Please Note: This Article is 10 years old. This increases the likelihood that some or all of it's content is now outdated.

When looking at the potential problem of repossession for private tenants, the Council of Mortgage Lenders believes it is important to distinguish between different groups of occupiers.

CML Press Release – 27 March 2009

The largest group of private tenants will have a landlord who has taken out a buy-to-let mortgage. If the landlord fails to keep up their mortgage payments, a lender will often put in place a receiver of rent to accept the tenants’ rental payment for the lender instead. As our arrears and possessions figures highlight, this is a widely used approach by lenders to private landlords in the buy-to-let market, and it avoids the need for court action for possession during the tenancy period.

The second group of customers are those tenants who are unknowingly renting properties under owner-occupier mortgages without the lenders’ knowledge or consent. The CML shares the concern of advice agencies that these customers can be disadvantaged through no fault of their own. Landlords with owner occupier mortgages will be in breach of the terms of the mortgage and potentially acting fraudulently. This is irresponsible behaviour which disadvantages both the tenant and the lender, who will be unaware of each other’s interest.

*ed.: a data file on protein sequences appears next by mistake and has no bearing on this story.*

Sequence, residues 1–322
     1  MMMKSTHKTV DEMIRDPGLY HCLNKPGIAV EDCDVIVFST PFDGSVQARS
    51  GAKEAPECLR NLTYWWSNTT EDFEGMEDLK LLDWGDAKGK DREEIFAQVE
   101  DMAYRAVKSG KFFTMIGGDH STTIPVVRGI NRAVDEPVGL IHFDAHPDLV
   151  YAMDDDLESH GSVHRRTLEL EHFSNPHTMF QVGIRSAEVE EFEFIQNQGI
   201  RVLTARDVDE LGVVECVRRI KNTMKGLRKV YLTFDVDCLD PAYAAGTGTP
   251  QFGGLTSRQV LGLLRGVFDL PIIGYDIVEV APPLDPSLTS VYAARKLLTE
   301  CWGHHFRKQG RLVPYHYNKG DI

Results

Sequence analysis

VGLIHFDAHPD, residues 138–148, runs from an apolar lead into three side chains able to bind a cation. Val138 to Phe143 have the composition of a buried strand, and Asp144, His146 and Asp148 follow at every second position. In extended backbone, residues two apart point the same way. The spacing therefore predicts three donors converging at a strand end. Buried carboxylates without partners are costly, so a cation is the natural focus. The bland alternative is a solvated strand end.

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Where no payments are being made by the occupier, or the occupier is not looking after the property, the lender will wish to enforce its rights to possession as soon as possible, rather than allow the landlord’s arrears to build up or the property’s state of repair to deteriorate.

The CML agrees that there is a need to review current arrangements for giving notice to occupiers, to seek to ensure there are no “nasty surprises” for private tenants, and to review what would be a reasonable period to enable occupiers to move out in cases where the lender is entitled to possession.

CML director general, Michael Coogan commented:

“Everyone sympathises with those tenants who are paying their rent, and fulfilling their obligations, but who find that their landlord has not been paying their mortgage and not told their lender that they are renting out the property. Good tenants should not be disadvantaged, and nor should lenders, by the irresponsible behaviour of a small minority of landlords. We look forward to working with the government and advice agencies on effective measures to help the modest number of tenants affected.”

Please Note: This Article is 10 years old. This increases the likelihood that some or all of it's content is now outdated.

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